They – whoever they may be – say that if you want to find a gentleman, you should head to England. With his impeccable deportment, chivalrous commitment and polite manners, the Englishman is apparently the ultimate charming and debonair male.
In truth, of course, for every Cary Grant (try to claim him if you want my American friends, but we Brits all know him as Archie Leach from Bristol), there’s an ASBO-toting Joey Barton-esque knuckle-grazing idiot for whom being charming means offering his girlfriend a sip of his pint of Stella.
The reality is that – in New York at least – whether it’s holding doors open, offering up seats on the bus or pulling out chairs, most American men seem to have an unerring commitment to etiquette. Of course, I’ve not been introduced to the more lairy members of Alpha Tau Omega (and I’m not planning on inviting them round for a – erm – ‘kegger’ just yet), but it seems to me that Americans are just as polite as their English counterparts.
I just wish that I could say as much for most American women.
Whenever I attempt to get off a subway train and am impeded by an impatient commuter desperate to grab an empty seat, it’s never a bloke who nearly knocks me off my feet rather than waiting for passengers to get off first. When somebody has a heavy steel door held open for them, but fails to look back to make sure that they’re not slamming the door in my (now slightly flattened) face, it tends not to be a guy. And invariably when I’ve been waiting ten minutes to hail a cab in the rain, and have the only vacant taxi in Manhattan stolen from me by somebody who only turned up thirty seconds previously, it’s not a man who sneers as he jumps into the car and speeds off. With the cab powering through an adjacent puddle as it disappears into the distance.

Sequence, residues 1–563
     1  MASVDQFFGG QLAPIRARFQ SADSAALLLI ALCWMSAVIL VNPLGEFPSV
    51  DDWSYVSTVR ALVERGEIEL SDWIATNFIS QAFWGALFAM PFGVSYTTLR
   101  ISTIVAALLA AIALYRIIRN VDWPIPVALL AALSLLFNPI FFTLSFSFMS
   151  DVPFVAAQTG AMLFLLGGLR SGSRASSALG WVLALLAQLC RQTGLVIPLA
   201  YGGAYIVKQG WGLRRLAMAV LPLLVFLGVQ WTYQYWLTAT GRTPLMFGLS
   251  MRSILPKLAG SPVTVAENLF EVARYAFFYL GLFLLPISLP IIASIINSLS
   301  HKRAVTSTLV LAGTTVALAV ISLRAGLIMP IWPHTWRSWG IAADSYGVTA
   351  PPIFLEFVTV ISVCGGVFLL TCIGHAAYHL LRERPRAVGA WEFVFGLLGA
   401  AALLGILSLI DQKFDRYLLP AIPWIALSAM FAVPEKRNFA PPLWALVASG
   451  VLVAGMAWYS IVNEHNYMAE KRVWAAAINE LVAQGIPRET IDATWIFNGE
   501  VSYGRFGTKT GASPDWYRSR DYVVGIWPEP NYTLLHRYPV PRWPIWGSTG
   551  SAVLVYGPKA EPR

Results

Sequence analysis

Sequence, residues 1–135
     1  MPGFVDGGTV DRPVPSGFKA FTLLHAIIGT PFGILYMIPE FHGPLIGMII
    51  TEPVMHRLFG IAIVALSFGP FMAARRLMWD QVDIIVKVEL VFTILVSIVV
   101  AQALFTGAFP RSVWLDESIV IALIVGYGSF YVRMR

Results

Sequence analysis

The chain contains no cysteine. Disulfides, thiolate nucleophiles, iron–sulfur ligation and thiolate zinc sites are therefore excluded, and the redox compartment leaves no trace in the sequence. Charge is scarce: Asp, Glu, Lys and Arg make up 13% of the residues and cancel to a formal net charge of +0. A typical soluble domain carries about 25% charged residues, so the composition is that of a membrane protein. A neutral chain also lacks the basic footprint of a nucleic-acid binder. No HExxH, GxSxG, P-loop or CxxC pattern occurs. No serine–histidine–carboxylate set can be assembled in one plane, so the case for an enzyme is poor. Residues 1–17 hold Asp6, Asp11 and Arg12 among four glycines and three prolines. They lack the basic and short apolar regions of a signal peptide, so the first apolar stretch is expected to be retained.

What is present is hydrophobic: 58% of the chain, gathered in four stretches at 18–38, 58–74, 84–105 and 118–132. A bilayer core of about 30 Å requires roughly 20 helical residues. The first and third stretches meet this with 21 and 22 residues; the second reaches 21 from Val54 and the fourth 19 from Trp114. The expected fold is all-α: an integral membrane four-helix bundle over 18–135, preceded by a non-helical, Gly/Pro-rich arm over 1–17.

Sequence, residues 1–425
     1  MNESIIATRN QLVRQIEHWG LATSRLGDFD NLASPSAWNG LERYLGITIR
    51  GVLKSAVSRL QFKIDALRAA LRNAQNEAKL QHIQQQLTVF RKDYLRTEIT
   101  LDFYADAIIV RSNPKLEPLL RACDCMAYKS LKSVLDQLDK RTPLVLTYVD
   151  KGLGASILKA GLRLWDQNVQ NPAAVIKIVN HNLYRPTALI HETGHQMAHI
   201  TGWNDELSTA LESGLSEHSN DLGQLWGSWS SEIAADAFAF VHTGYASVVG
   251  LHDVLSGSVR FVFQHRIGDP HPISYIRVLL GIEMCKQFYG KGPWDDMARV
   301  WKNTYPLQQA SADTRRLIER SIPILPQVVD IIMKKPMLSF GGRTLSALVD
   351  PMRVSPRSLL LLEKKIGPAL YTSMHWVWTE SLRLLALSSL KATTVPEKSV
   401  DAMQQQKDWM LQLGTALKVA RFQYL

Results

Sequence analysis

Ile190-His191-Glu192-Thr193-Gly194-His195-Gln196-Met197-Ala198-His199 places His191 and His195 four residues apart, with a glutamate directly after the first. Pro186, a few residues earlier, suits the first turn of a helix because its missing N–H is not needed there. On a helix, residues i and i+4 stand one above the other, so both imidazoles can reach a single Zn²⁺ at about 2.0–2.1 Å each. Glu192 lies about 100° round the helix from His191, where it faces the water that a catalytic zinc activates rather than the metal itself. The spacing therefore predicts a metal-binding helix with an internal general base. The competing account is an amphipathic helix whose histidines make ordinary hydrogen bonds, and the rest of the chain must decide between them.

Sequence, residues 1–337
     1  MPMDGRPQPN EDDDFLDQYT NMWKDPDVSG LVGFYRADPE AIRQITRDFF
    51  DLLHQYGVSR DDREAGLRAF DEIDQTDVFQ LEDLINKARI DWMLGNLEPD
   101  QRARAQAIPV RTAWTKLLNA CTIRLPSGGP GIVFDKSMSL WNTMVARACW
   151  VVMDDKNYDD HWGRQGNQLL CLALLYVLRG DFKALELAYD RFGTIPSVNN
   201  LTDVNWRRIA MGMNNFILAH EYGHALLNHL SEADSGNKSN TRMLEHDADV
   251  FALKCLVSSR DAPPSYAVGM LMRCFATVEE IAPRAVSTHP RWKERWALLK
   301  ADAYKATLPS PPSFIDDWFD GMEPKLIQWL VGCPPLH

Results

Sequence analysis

Maybe I’ve just been unlucky? Maybe New York women are taking revenge for years of unacceptable behaviour from Wall Street oafs? Or maybe the females of the city are on a collective mission to send me scuttling back to the UK with the tail between my legs?
Thankfully The Special One hasn’t succumbed to this dastardly plot yet. Although if I put my shoes on the newly-made bed one more time, my luck might start to run out.
Anyway, what do I know about etiquette? After all, I’m the man who seized upon an empty seat on the packed train last night, beating a slowly approaching man to the restful prize. Clearly, the fact that he had dark glasses and a white stick didn’t help him get there any quicker.
Despite immediately and apologetically leaping to my feet to offer him the seat, the man refused to sit down and instead stood for fifteen minutes until another seat became available. While all the rest of the carriage stared at me with the look of contempt specifically reserved for people who would deny a partially-sighted men the seat he so richly deserves.
Perhaps I’m just embracing my (New York) feminine side?